Here is a selection of Q&As from Your Yorkshire Wedding magazine whether it be about flowers, hair and makeup, fashion, wedding themes, health & beauty, cakes, stationery, legal advice. If you would like your question answered by our experts, please email it to email@example.com
To view more expert advice on a different topic, please select one from the list below.
Q. We want lovely photographs, but we're limited by our budget. Do you have any suggestions?
A. Lindsay Oates says: I'd say, look at what you really want photographs of? Is it the ceremony itself? Is it friends and family having fun on the dancefloor? Maybe, even having photographs taken of just the couple away from the hustle and bustle of the day? If couples can pin down the most important photographs for them, they may be able to reduce the amount of time, they pay for a photographer.
I also suggest that if couples were in the early stages of planning, maybe look at getting married outside of the peak season. Money can be saved on the venue itself and can be used for a photographer they really want.
Do your research. I know it sounds simple, but it can really make a difference. Photographers can vary a lot on price but also the quality of their work. Ask to see full galleries if they're not provided on their websites. Shortlist the ones you like, then compare the prices. That might help you narrow down your choice to just a couple. You can then reach out and check if they have availability.
Lindsay Oates, Elsiebee Photography
Whatever the weather
Q. How can we capture amazing outdoor pictures at our December wedding if the weather turns bad?
A. Hannah Brooke says: I love photographing December weddings - lots of festive cheer, twinkly fairylights and beautiful deep colours! You can't predict the weather at any time of the year in the UK, but one thing we know for sure is that December has the shortest daylight hours. My number one piece of advice would be to book an earlier ceremony if you can, 1pm is ideal! This will give you more time options for outdoor photos in case of bad weather. Other things to bear in mind are that it'll undoubtedly be cold outside, so consider wearing a wrap or a stole over your dress or you could wear a dress with long sleeves. Also, talk to your photographer to get a plan in the event of bad weather.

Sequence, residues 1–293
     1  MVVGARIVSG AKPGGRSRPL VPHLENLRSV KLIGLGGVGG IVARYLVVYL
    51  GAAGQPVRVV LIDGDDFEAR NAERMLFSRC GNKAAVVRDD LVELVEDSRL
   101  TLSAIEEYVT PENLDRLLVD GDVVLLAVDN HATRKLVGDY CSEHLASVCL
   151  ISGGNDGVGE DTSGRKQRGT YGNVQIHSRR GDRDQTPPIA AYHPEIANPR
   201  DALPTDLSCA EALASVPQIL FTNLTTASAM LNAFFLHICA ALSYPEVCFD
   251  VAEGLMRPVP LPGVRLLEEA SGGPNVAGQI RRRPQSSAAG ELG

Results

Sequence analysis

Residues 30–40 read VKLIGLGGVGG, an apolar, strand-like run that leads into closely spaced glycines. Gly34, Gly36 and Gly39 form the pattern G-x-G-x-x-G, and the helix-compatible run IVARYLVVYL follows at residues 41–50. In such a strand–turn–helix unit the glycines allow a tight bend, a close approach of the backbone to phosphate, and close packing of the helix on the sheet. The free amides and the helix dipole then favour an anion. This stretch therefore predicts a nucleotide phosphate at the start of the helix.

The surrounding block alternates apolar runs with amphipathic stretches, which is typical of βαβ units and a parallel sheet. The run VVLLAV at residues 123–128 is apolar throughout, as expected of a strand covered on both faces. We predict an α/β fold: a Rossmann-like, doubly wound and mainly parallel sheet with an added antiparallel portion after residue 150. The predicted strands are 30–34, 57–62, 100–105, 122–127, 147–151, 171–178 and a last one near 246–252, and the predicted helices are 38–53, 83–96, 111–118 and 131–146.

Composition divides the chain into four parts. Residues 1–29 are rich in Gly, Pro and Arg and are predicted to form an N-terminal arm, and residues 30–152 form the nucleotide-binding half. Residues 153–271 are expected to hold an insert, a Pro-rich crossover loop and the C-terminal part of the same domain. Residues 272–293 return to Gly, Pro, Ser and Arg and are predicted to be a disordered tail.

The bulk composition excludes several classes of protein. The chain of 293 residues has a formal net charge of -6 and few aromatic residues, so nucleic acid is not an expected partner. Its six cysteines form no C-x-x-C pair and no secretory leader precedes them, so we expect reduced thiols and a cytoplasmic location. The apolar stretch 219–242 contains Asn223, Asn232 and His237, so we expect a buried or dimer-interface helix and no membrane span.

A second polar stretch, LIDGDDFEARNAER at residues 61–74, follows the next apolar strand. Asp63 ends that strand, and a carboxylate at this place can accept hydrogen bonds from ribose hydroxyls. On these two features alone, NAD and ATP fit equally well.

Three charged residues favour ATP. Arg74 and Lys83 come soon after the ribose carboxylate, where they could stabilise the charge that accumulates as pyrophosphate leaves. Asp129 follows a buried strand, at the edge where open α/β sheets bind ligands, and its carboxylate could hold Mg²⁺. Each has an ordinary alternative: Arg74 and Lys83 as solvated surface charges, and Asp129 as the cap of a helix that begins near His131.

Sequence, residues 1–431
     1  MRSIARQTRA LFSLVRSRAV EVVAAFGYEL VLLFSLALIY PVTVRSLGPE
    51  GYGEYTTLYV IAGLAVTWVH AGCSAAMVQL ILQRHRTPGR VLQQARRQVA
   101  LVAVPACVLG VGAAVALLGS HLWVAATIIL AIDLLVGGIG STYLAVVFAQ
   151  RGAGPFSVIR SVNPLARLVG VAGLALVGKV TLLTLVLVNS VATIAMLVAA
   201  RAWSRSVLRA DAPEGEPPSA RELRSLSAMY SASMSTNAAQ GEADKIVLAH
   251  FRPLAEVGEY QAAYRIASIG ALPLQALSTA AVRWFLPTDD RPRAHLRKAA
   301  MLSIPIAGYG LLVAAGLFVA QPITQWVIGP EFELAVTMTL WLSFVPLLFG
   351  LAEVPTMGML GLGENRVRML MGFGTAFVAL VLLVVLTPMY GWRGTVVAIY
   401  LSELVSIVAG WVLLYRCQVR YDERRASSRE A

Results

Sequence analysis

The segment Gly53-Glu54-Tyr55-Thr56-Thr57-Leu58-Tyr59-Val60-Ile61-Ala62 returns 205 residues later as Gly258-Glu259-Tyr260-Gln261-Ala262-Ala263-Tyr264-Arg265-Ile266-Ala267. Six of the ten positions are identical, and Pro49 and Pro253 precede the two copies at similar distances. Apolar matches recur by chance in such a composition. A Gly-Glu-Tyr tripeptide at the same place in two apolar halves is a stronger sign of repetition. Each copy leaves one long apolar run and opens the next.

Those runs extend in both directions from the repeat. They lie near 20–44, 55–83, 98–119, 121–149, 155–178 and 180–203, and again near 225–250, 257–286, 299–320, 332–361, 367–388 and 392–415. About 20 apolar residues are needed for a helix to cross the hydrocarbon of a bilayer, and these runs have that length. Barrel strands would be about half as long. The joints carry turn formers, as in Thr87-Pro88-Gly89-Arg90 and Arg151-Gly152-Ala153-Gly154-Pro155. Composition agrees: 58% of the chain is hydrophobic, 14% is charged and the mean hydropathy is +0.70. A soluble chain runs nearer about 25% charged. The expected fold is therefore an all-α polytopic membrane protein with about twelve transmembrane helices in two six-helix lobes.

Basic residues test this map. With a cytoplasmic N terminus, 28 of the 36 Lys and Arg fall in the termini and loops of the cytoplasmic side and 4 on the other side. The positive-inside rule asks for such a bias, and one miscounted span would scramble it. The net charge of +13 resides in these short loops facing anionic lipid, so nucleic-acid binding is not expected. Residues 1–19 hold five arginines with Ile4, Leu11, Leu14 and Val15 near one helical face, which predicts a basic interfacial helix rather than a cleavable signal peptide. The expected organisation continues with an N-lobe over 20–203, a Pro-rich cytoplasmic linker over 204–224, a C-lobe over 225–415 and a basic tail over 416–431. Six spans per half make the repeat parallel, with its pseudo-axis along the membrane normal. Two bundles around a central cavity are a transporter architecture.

My go to wet weather options are:
1) I always carry a pair of clear umbrellas in my car to weddings in case of a downpour.
2) I sometimes position the couple and/or bridal party in the doorway of the venue so they are sheltered (I'll be outside but under a golf umbrella!).
3) I make sure I've scouted the venue for suitable indoor options too in case it really is just too bad for outdoor photos.
The main thing is that whatever the weather decides to do, you have a wonderful day and you get some beautiful memories captured.
Hannah Brooke, Hannah Brooke Photography
Save the first dance
Q. I want lovely photos of my first dance. What tips can you suggest?
A. Francesca McCarthy says: First things first, those disco lights your DJ is providing might bring a vibe to the party but you don't want to be shades of green, red and blue in your photos therefore I recommend asking the DJ to hold fire on any coloured lights till after the first dance.
Secondly, don't feel like you need to pick a song that's 'traditional' pick something that has meaning to the both of you. Songs have such an amazing nostalgia, pick something that takes you both back to a moment.